A colleague says goodbye

Gary Webb, 49, a nationally known investigative reporter who most recently worked for the CN&R’s sister publication, the Sacramento News & Review, was found dead in his home Dec. 10. He had killed himself with two gunshots to the head.

Webb did a huge amount of superb work over the years and in 1990, while working at the San Jose Mercury News, shared a Pulitzer Prize for coverage of the Loma Prieta earthquake. But it was a series he wrote for the paper in 1996 that made him famous at first and then, suddenly, notorious.

The series, called “Dark Alliance,” exposed the CIA’s protection of Latin American cocaine traffickers who operated during the 1980s in conjunction with President Reagan’s infamous “freedom fighters,” the contras of Nicaragua. In essence, Webb reported, the contras paid for their dirty little war to topple the Sandinista government by selling dope, and the CIA looked the other way.

In the series, Webb tracked a West Coast network of contra-cocaine traffickers who had supplied the makings for crack cocaine to Los Angeles street gangs, who then distributed it throughout the country, fueling the crack-cocaine epidemic that devastated inner cities at that time. African-American leaders across the nation were outraged.

As expected, CIA bureaucrats circled the wagons and denied the charges, and much to Webb’s surprise the nation’s premier newspapers, including the New York Times, the Washington Post and the Los Angeles Times, also attacked his reporting. The pressure was so great that Webb’s own editor, Jerry Ceppos, sold out the story, abandoned his writer and apologized for the series’ supposed failures.

Webb’s career in the front ranks of investigative reporters never recovered. After quitting the Mercury News, he did freelance work, completed a 548-page book, Dark Alliance: The CIA, the Contras, and the Crack Cocaine Explosion, and took a job in state government. He joined the SN&R staff last summer, writing two strong cover stories, one on how the Army had developed a video game that it could use to identify potential recruits (”The Killing Game,” CN&R, Oct. 21) and an exposé of how Sacramento traffic courts have turned red-light cameras into a money making scam in which the accused have no way of defending themselves.

In a 1999 talk given in Eugene, Ore., Webb summarized his “Dark Alliance” work this way: “What I attempted to demonstrate in my book was how the collapse of a brutal, pro-American dictatorship in Latin America [the Somoza regime in Nicaragua], combined with a decision by corrupt CIA agents to raise money for a resistance movement by any means necessary, led to the formation of the nation’s first major crack market in South Central Los Angeles, which led to the arming and the empowerment of L.A.'s street gangs, which led to the spread of crack to black neighborhoods across the country and to the passage of racially discriminatory laws that are locking up thousands of young black men today behind bars for most of their lives.”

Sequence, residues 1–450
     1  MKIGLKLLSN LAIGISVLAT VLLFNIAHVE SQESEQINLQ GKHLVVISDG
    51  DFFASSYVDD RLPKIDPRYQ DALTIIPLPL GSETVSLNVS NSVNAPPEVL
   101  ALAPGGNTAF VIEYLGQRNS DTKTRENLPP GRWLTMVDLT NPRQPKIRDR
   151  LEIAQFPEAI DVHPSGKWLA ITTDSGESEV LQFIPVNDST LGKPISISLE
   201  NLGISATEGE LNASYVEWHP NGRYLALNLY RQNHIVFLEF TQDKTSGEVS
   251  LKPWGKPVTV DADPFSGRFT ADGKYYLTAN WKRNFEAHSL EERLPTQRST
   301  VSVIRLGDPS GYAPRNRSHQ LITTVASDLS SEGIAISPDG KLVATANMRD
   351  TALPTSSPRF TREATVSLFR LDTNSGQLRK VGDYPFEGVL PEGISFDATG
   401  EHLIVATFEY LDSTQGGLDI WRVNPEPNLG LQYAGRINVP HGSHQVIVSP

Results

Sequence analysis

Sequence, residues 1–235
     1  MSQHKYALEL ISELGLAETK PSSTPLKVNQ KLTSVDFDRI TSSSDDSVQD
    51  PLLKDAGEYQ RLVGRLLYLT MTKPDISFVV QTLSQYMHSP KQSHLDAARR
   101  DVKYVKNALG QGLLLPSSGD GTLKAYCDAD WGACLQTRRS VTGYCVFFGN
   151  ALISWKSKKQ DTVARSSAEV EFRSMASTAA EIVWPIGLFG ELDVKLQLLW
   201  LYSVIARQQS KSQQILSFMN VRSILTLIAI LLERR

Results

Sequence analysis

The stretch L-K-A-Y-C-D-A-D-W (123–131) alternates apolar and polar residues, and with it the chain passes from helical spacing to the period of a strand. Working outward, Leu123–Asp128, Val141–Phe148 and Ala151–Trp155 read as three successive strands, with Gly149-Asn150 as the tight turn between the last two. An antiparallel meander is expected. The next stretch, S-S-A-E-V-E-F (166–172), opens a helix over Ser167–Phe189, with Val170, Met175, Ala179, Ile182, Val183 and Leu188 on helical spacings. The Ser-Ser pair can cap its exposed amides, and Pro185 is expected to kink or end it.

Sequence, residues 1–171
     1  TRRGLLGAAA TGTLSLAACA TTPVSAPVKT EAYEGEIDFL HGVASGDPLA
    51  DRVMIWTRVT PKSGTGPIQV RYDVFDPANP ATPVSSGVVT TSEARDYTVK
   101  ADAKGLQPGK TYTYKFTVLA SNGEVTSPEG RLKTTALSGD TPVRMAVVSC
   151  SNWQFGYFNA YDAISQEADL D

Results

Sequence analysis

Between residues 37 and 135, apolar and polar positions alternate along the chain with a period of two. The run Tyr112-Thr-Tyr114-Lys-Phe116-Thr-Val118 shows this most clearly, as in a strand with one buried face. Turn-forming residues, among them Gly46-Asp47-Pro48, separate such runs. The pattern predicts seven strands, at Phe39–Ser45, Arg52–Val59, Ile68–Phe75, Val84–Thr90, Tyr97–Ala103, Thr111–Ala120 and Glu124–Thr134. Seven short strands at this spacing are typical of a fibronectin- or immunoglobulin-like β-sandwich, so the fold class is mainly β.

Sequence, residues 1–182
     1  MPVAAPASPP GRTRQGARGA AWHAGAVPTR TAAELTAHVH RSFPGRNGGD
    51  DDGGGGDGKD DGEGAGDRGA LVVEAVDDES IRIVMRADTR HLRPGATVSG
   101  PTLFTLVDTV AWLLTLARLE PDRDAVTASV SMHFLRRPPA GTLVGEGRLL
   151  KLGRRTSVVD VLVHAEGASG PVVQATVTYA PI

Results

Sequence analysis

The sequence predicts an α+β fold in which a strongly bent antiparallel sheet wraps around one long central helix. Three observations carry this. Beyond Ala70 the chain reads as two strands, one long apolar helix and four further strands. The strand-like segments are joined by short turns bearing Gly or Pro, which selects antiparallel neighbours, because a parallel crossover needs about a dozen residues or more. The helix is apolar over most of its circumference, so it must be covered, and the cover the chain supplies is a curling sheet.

Ironically, Webb’s Contras-cocaine story eventually was vindicated—by the CIA itself, when it published, in 1998, a two-volume report by its own inspector general, Frederick Hitz, documenting that the connection did exist and that the CIA and other American agencies knew of it. It also identified more than 50 Contras and Contra-related entities implicated in the drug trade and detailed how the Reagan administration had protected these drug operations from federal scrutiny.

None of the newspapers that had vilified Webb corrected themselves, however, and in fact they pretty much buried Hitz’s damning report. The Los Angeles Times never mentioned it.

And this week, in their obits of Webb, they referred to him as an investigative reporter who was “widely criticized” for his “discredited” “Dark Alliance” series. None acknowledged that he’d turned out to be right.

Before he died, Webb wrote notes to the important people in his life, including his ex-wife and three children, sons Ian and Eric and daughter Christine. He reportedly was despondent about the direction his life was taking.

Webb’s editor at the SN&R, Tom Walsh, said he’d had no indication that anything was wrong, other than a request Webb made for several days’ time off. Webb’s work, he said, was as thorough and ambitious as ever.